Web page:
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Author Topic: How do instruments on space probes cope with ultralow temperatures?  (Read 2401 times)

Offline Mike Robinson

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Mike Robinson  asked the Naked Scientists:
   
Hello Naked Scientists,

I am newbielink:http://www.thenakedscientists.com/HTML/podcasts/ [nonactive] and newbielink:http://www.thenakedscientists.com/HTML/podcasts/ [nonactive]

My question is, what instruments on the Mars rovers must be kept warm from the bone chilling 200 plus degrees below zero? 

I understand that having the batteries freeze solid would not be a good thing.  I just want to know what other instruments must be kept at a relatively warm temperature?
 
Keep up the good work,
 
Cheers,
Mike from Michigan USA

What do you think?
« Last Edit: 09/03/2010 11:30:02 by _system »


 

Offline graham.d

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Good question. As far as the Mars Rovers are concerned they have to keep their electronics within reasonable temperature bounds and do so with arrangements of heaters and radiators (it can also get very hot on Mars). I don't know specifically how they do this but other spacecraft employ nuclear sources to provide heat.

Satellites in earth orbit can save power by controlling the heating from the sun by shading (using something like a parasol) and/or rotating to even out the heat absorbed. They also get a fair amount of heat from the earth, even at night. As spacecraft venture away from the sun the problem becomes worse of course. I believe it is a significant design problem.

Many electronic components will work down to very low temperatures though the change in the design parameters has to be taken into account. Generally they work better in fact. Any components for very low temperature use will have to be designed, packaged and tested to allow such operation. Generally this is easier than having to cope with very hot conditions but, because the demand is low for such devices, the cost is very high - not that this is too significant given other costs.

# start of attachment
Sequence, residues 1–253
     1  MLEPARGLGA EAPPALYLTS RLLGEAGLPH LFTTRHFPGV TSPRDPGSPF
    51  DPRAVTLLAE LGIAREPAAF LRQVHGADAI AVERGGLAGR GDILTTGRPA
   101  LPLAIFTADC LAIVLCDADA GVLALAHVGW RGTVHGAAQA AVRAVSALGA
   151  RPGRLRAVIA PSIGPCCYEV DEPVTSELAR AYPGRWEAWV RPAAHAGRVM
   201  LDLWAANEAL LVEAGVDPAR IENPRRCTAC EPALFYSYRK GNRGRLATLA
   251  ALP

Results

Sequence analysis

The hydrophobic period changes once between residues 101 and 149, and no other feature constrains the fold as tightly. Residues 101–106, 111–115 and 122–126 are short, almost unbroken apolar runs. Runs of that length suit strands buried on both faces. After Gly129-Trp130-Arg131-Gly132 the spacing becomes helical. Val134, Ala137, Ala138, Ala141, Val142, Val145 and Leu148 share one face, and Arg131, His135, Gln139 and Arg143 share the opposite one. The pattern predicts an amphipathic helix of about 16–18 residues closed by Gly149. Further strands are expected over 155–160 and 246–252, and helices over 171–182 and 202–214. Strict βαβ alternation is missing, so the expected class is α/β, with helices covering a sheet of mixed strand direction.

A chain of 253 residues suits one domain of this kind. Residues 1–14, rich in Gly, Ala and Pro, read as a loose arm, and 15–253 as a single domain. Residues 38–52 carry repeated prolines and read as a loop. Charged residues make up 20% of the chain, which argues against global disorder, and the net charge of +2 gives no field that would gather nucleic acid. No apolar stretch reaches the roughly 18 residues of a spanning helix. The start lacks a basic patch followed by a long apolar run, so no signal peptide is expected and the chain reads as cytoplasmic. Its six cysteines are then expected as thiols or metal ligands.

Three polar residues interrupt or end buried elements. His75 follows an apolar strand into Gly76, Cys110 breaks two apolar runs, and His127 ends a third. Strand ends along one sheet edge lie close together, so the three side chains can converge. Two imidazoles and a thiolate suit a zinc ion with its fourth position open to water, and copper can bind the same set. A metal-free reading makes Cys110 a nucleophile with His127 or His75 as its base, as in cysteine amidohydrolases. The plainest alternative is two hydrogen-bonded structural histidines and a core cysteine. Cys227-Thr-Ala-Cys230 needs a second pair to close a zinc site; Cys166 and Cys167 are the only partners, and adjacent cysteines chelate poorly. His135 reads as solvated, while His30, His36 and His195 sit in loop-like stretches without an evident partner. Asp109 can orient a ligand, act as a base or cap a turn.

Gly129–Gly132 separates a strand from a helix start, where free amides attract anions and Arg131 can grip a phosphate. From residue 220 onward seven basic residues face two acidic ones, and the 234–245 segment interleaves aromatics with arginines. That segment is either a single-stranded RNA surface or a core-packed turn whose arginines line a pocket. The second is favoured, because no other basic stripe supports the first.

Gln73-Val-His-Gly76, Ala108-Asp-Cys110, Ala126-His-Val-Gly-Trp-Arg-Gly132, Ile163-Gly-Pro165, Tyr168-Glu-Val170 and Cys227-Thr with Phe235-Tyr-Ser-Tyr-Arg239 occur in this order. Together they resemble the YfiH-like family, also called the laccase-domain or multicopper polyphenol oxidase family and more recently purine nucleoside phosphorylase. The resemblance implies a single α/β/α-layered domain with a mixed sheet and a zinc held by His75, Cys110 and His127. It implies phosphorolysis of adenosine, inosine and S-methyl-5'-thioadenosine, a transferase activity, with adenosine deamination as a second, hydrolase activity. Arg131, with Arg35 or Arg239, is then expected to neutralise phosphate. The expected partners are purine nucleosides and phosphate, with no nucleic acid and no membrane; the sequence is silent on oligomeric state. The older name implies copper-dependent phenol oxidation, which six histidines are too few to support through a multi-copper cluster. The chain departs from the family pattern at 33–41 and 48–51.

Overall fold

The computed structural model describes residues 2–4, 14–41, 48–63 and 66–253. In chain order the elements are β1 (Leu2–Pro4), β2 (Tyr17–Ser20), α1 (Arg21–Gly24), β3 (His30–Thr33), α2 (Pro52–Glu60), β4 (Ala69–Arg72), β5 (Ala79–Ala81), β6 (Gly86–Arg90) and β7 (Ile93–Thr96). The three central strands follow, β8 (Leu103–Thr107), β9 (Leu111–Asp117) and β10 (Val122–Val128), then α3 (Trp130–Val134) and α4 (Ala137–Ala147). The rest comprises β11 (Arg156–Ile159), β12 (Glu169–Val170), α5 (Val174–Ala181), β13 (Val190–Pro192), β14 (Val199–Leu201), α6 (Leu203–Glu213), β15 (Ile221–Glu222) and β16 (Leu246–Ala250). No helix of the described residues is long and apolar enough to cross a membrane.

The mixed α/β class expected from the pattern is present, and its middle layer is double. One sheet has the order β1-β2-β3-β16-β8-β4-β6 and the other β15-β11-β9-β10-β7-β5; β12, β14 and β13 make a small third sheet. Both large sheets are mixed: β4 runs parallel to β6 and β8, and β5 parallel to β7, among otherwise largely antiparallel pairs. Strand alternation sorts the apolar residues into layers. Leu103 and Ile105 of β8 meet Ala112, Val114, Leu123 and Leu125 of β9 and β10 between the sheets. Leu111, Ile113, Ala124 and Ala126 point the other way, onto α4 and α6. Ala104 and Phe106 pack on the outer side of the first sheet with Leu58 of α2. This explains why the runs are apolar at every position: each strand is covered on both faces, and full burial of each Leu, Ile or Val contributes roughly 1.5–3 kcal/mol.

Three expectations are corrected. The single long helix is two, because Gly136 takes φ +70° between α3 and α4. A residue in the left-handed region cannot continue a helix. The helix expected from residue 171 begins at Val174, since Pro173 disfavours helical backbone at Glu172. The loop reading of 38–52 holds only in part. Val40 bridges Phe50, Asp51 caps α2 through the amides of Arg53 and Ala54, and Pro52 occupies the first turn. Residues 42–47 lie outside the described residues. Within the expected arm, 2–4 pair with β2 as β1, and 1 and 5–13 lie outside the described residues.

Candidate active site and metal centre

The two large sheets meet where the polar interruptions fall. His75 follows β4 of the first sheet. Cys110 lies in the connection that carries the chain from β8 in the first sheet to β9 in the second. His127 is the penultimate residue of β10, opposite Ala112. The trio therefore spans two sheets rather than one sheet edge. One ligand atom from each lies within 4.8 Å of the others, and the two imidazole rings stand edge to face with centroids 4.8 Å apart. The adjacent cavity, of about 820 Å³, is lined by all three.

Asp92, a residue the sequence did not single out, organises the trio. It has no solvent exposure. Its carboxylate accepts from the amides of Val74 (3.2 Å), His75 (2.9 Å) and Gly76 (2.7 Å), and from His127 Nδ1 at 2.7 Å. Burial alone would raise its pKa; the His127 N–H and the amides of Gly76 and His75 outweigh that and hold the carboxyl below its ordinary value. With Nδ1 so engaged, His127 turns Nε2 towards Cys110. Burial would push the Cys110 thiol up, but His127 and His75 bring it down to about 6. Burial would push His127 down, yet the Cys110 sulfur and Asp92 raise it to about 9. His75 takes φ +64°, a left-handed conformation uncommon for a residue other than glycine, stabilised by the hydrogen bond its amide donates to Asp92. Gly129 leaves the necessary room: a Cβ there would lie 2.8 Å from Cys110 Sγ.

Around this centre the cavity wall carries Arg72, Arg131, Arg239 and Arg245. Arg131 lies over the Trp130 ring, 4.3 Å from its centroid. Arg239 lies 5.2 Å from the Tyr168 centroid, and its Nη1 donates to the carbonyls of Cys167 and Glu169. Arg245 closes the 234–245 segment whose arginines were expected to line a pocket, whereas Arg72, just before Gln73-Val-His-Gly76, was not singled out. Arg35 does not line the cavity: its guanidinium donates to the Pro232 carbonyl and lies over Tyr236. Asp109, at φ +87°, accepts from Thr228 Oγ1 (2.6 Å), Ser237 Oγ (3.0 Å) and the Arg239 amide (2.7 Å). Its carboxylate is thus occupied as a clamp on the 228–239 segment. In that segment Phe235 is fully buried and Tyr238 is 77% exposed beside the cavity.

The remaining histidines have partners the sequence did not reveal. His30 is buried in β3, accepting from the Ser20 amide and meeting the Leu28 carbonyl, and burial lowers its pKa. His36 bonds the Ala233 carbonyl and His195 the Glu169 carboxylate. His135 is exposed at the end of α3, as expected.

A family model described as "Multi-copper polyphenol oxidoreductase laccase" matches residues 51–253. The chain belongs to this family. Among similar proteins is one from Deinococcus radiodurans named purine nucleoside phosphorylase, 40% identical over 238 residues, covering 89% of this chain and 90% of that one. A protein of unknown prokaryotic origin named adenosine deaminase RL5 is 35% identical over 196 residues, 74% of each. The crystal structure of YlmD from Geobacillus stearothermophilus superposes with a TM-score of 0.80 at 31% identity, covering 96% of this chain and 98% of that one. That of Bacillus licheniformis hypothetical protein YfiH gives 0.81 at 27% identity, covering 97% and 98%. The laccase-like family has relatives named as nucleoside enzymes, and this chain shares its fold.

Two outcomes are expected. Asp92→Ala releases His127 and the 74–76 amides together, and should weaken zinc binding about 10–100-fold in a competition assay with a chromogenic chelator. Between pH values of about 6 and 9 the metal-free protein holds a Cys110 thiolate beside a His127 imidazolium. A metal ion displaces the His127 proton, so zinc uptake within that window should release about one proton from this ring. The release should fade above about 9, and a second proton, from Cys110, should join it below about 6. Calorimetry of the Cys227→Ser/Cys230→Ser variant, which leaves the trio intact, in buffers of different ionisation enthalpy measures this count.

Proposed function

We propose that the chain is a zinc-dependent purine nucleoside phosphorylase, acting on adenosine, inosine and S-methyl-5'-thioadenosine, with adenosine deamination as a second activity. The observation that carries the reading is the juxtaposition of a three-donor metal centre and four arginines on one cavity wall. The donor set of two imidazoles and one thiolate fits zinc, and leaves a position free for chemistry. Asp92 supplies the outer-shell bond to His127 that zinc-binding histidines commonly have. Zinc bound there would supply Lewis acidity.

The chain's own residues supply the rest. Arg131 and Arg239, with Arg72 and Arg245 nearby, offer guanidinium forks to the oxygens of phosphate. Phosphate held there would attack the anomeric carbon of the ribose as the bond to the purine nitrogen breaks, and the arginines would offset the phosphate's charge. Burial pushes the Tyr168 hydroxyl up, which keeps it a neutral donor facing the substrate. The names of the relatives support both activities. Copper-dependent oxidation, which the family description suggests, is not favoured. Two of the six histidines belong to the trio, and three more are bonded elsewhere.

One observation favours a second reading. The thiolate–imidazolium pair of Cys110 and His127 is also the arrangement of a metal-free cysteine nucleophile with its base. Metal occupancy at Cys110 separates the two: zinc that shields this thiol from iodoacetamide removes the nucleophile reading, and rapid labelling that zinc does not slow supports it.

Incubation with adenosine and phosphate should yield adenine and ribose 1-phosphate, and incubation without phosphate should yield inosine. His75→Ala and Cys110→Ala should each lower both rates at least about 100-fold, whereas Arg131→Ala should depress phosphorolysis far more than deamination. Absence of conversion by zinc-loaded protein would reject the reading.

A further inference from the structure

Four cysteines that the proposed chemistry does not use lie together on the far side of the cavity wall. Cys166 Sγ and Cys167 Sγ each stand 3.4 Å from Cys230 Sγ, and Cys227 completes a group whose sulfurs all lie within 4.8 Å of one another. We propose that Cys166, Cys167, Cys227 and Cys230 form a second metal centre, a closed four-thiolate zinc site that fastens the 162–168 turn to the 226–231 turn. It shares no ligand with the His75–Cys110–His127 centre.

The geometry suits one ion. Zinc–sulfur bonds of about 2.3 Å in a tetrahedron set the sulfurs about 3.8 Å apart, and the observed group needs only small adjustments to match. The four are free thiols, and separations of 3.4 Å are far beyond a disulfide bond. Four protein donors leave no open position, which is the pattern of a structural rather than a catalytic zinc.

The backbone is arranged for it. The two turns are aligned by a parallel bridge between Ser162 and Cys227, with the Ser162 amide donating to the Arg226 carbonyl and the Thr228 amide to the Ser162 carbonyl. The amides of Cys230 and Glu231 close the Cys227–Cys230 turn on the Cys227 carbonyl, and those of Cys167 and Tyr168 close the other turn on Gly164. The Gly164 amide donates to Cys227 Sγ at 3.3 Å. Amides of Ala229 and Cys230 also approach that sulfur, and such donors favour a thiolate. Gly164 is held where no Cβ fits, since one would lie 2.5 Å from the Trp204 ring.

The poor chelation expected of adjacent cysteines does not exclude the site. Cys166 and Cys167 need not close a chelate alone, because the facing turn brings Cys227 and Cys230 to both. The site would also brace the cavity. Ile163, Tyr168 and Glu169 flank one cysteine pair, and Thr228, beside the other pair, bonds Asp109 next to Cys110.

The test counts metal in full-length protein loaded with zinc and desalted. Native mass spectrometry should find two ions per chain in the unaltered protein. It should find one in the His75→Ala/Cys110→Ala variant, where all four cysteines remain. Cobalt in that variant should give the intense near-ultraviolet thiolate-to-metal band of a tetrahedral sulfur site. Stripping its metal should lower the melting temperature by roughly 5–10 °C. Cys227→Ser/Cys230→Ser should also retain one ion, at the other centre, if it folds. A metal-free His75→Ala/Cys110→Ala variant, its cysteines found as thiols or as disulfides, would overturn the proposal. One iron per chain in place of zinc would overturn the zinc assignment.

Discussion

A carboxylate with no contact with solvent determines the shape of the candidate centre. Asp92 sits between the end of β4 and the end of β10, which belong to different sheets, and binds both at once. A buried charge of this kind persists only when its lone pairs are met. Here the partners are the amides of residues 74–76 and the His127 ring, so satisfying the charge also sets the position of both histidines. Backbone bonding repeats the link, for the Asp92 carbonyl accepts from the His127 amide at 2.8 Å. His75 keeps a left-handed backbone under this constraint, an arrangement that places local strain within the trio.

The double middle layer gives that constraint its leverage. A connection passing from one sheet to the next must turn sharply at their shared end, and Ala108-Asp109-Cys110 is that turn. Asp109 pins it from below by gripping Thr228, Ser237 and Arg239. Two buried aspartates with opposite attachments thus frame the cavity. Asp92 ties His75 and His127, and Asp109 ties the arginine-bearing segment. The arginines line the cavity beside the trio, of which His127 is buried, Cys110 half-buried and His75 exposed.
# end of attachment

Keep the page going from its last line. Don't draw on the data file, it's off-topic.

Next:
Offline Mike Robinson

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Thank you for the response Graham.d,
  You're right, I was not thinking that the rover's would have to dissipate a lot of heat.  The rover's landed around the equator of Mars.  Spirit recorded a high temperature of 5 C and  low temperature of -15 C.  I suspect that is summer day time temps. That is still on the cool side but if you take into consideration the heat that the rover's experience would be considerably more when you factor in the heat that the dark solar panels are absorbing.
  I do believe that they run subsystems of the rover's computer to generate heat.  Semiconductors do very well that low temperatures.  High end computer overclockers generally pour liquid nitrogen over the CPUs.  However I do not believe that electrolytic capacitors are that forgiving at low temperatures.
Thank you for your insight,
Mike Robinson
« Last Edit: 11/03/2010 14:45:26 by Mike Robinson »
 

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